• The amount of beef produced by the U.S. dropped in 2015, but the U.S. share of world beef production went up half a percentage point to 19.2 percent.

    Yet the U.S. slaughtered fewer cattle – 30.4 million head – than China, Brazil and India, three of its closest competitors in beef production. That’s a clear indication of how much more value the U.S. gets out of each head of cattle it produces.

  • The number of feedyards in the U.S. has rapidly declined, faster than what we thought. USDA Survey data caught up with data reflected in the last USDA Census data of 2012.

    Those reports showed the number of feedlots with inventory dropped from 80,743 in 2002 to 26,896 in 2012. That’s a staggering number when you look at them once again.

  • The drought of 2011-2012 took a huge bite from the Southwest cow herds of Texas and Oklahoma, which are the two largest states for beef cows. Based on five-year beef cow herd expansion changes, Texas is down 635,000 head from where it was Jan. 1, 2011, while Oklahoma is down 73,000 head.

  • U.S. exports to its trading partners took a step back in 2015, around 11 percent less to $6.3 billion in total value. And yet that amount still rates as the second-highest value year ever in U.S. beef trade – and six times more than the value we dropped to after BSE in 2003.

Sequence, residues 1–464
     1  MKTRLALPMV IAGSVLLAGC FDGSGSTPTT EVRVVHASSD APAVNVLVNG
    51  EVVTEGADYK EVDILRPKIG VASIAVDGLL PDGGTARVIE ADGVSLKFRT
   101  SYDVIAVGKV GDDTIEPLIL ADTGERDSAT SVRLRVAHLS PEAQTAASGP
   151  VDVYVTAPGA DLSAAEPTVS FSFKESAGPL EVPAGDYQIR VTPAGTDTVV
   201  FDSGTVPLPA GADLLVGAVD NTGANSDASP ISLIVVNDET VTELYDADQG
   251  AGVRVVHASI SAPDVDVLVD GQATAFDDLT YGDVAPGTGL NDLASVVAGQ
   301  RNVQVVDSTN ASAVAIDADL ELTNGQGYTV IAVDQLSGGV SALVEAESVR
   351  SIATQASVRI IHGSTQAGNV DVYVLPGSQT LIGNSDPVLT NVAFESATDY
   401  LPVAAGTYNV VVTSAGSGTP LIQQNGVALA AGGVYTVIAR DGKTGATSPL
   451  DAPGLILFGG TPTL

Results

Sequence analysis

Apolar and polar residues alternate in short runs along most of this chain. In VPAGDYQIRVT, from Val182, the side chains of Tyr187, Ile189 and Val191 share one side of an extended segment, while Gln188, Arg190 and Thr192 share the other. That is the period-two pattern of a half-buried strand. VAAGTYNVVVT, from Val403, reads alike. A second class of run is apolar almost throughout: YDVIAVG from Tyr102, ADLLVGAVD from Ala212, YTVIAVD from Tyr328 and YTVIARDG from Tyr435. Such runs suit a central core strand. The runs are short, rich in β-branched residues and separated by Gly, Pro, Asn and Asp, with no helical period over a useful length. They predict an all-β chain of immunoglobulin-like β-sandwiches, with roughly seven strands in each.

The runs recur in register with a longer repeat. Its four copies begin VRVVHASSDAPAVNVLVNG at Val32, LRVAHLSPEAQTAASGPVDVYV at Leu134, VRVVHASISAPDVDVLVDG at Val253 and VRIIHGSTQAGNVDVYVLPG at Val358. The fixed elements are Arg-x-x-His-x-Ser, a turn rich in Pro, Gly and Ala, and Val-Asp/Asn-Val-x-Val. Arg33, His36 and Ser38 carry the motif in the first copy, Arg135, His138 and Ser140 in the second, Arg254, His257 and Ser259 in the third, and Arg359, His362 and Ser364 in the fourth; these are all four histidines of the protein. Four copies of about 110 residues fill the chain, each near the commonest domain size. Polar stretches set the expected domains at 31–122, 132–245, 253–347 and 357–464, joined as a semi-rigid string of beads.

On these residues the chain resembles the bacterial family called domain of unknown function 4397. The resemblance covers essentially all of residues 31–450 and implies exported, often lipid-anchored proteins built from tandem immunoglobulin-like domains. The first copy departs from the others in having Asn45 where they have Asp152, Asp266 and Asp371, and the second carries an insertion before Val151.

• Among those trading partners, Mexico, Japan, Korea and Canada remain the strongest buyers of U.S. beef. Those four countries accounted for 681,416 metric tons of beef and variety meat – 63 percent of our total export volume.

    Also worth noting: Of the 11 nations joining the U.S. in the Trans Pacific Partnership Agreement, eight of them are on the list of top 20 countries importing U.S. beef.

  • Much has been said and made of last year’s rapid downturn in cattle markets during the third and fourth quarter.

    Now with the data and hard numbers in front of you, you can see the decline from September to December went as follows: Chicago Mercantile Exchange feeder cattle index dropped 21.8, the 5-area weekly weighted average select steer price dropped 16.5 percent, the choice cutout dropped 17.5 percent, and the fed cattle price dropped 16.6 percent.

  • Just for some perspective, if you’re concerned about that rapid decline, remember this. The $78.2 billion in cattle receipts collected by the U.S. in 2015 was the second-highest total recorded by the USDA while still a small drop from the $81.4 billion mark established in 2014. The 2015 total is still more than twice the $38 billion mark set in 2002.  end mark
David Cooper